This guide to the coolest 20th century philosopher that Britain has any claim over is a home-grown intellectual’s dream scenario. Co-scripted by student fave Terry Eagleton, produced by left-wing TV hack Tariq Ali, and presided over by the Ull’s most academically credible director Derek Jarman, it’s the sort of made-for-TV movie with an instructional motive that would attract three such guru- like figures.

Arranged in inescapany ‘Jarmanesque’ tableaux gaudy but neat fancy dress, artfully ruffled fabrics, sly and passionate performances from a cast including Tilda Swinton and Michael Gough -

the plot begins in 19th century Vienna.

Here the miniature Ludwig (you can tell he’s a philosopher because he looks like the Milky Bar Kid)

introduces us to his family, a Martian, and some elementary philosophical analyses - in that order. Then it’s on to Cambridge, where our hero takes a dim view of aesthetic chit-chat, departs for a succession of lonely and inhospitable locations where he produces the work he disowns in later life, then dies, back in Cambridge, of


Enloyable and moving though these vignettes are, the cinematic limitations of trendy academia are clear. Wittgenstein is a little too large a subiect for 75 minutes of film and, aside from a few generalised platitudes, precious little of coherent explanation is offered. Jarman’s staging is as watchable as ever, but the strength of the film is biography rather than enlightenment. (AP) Wittgenstein (15) (Derek Jarman, UK, 1993) Karl Johnson, Michael Gough, Tilda Swinton. 75 mlns. From Sun 11: Glasgow Film Theatre.

.. E plantation owner Deneuve represents H the imperial hast as a "I’m"

_ émoochE

iThat’s right, lndochine rather than ! Vietnam. The very title, plus Catherine l Deneuve’s name above it, let you know

,1, what to expect - post-colonial ; ? nostalgia with very nice frocks - and , that indeed is what you get with llegis

’Wargnier’s luxuriant exercise in Francophile reminiscence. Set in the

A 305 (decades before the French had

5 their asses whipped at Dien Bien Phu),

' enlightened and fundamentally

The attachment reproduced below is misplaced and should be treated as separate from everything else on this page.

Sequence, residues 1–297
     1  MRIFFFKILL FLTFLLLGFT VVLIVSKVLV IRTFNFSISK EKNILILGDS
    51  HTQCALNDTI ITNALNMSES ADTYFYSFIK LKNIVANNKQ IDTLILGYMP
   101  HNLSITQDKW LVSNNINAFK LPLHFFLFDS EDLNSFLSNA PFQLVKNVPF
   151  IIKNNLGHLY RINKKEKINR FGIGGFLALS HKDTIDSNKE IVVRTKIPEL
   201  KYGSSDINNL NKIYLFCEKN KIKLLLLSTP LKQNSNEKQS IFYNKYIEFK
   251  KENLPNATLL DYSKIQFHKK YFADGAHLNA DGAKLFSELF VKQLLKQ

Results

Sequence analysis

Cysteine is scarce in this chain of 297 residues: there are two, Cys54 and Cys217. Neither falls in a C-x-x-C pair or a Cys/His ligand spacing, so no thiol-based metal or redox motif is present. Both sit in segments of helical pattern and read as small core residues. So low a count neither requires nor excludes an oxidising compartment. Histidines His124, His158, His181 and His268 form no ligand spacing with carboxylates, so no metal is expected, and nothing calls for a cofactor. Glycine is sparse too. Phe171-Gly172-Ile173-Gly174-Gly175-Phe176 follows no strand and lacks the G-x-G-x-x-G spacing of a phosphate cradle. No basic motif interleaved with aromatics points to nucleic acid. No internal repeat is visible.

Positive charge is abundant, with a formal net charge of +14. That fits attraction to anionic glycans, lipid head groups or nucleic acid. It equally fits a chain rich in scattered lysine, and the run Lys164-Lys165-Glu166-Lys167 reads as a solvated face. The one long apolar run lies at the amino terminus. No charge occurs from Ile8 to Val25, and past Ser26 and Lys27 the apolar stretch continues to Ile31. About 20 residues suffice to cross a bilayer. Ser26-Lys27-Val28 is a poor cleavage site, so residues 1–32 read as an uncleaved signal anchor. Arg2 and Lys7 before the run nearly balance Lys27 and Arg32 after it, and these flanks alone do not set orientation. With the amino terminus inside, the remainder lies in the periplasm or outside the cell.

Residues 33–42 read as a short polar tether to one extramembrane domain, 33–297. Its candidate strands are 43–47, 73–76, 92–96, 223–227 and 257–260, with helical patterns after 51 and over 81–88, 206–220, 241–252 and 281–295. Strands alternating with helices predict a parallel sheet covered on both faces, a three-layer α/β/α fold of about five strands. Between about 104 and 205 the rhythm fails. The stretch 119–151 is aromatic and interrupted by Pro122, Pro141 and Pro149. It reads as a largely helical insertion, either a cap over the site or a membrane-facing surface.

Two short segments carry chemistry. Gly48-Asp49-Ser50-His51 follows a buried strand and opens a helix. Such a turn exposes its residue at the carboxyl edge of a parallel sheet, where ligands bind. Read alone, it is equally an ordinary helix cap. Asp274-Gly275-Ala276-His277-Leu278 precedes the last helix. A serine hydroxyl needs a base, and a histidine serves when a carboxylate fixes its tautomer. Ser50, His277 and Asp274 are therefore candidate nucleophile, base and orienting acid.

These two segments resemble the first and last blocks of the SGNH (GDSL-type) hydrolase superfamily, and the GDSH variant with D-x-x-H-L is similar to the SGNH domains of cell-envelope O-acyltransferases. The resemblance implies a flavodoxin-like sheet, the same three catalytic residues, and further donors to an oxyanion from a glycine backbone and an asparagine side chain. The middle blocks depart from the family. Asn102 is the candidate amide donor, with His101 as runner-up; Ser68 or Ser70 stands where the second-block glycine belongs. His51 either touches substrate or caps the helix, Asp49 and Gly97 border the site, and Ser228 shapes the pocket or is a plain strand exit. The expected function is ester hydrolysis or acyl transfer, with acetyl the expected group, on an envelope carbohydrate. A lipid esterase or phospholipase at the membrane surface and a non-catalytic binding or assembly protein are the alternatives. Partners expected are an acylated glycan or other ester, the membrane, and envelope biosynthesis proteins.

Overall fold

, elegant enterprise; a comfortable vision for a big, soft sofa of a movie, more interested in glossy romantic

angst despite its efforts at portraying

the stirrings of nationalist fervour.

La Catherine suffers impeccably, of course. She runs her rubber operation with a firm hand, shoos away the

\ . 5‘ 1' Wittgenstein: ‘home-grown lntellectual’s dream scenerh’


amorous interest of the local police chief like she was swatting a fly, then falls passionately for throbbing young naval officer Vincent Perez an ill- fated, nay tragic affair that ends when her adopted teenage daughter Camille runs off with him to (gasp!) join the anti-French revolutionary movement.

lleedless to say, it all ends in tears, elaborate crowd scenes and further blasts from Patrick Doyle’s overheated Wagnerian score, forcing the audience to realise (it they haven’t already) that not all the French films we see in Britain are worthy art movies. Some of them are (ust trashy mini-series with subtitles. (TJ)

lndochine (12) (Regis Wargnier, France, 1991) Catherine Deneuve, Vincent Perez, Linh Dan Pham. 154 mlns. From Sun 18: Glasgow Film Theatre. From Fri 23: Edinburgh Cameo. A special preview screening for list readers takes place at the Cameo on Sat 17 at 12.30pm.

()lii'iw' ()Iii'icr is the latest feature from Polish-bom director Agnieszka Holland. who recently hit pay dirt with Europa

Europa. The two films share more than a so- good-they-named-it-twice

moniker. however. cribbing their tastefully

twisted plots from the stranger-than-fiction stew

of iniquity that is Real

Life. This time, the storyline is based on a French newspaper article. A

bourgeois family from the provinces has its already precarious equilibrium

irrevocably disrupted

when the cherubic nine- year-old ()liyier goes missing. last seen heading off into the woods bearing goodies for his ailing grandma (and he wears a

I red capjust in case you


Twenty-four years on, and those Pennsylvanian zombies are still coming to get Barbara. Into the graveyard stumbles that familiar undead shape, and it’s like meeting an old friend. George Romero’s groundbreaking movie crawls from the grave in the form of a remake by horror fx grandmeister Tom Savini that’s far more intelligent and terrifying than the other zombie rip- offs that have oozed their rotting flesh onto the market. The original drew on late 60s’ images of shambling Vietnam soldiers and the shoot-’em-in-the- head post-Kennedy nightmare; for the 90s, we get a toughened-up heroine in the liipley mould and a more apocalyptic scenario. Savini, making his directorial debut, does well to balance the gore with some meaningful bickering between the survivors. (AM)

flight of the Living Dead (18) (Tom Savini, US, 1991) Tony Todd, Patricia Tallman, Tom Towles. 92 mins. From Fri 9. Glasgow: MGM Parkhead. All llCls.

miss the analogy). Daddy heads off to Africa to escape his unhinged spouse. and the family fabric doesn't knit together again until six years later when a rent boy admits to the Parisian police that he is ()livier. (‘ue return of father. unbridled glee of mother. sullen suspicion ofjealous sibling Nadine and a couple of unsettling twists before the equivocal conclusion. By which time the 5 peculiar plotting. ,5 levocatiye photography and shrewdly-judged 4 performances 7- the latent perception and leasing ¥ sexuality of the kids _ juxtaposed with their .r , slighin hysterical parents . ~ have meshed to produce j i a film as intriguing as it is bizarre. Or should that be bizarre bizarre? (Fiona Shepherd) ()lii'ir'r ()lii'icr ( 15) (sterner/{u HUI/(ind. France. [993) I’runt‘rn'x ('ltm'l. Hrigillr' an'mn. (in‘guin' ('u/in. [05 minx. I’l‘rnn Sun //.' (i/ugxrm‘ I’ll/n 'l'lu'uln'. l-‘mm Wed

28: Edinburgh Film/muse. '

flight of the living Dead: ‘intelligent and terrifying'

'l‘he Li's—1‘63: 2” kin-iii «m 17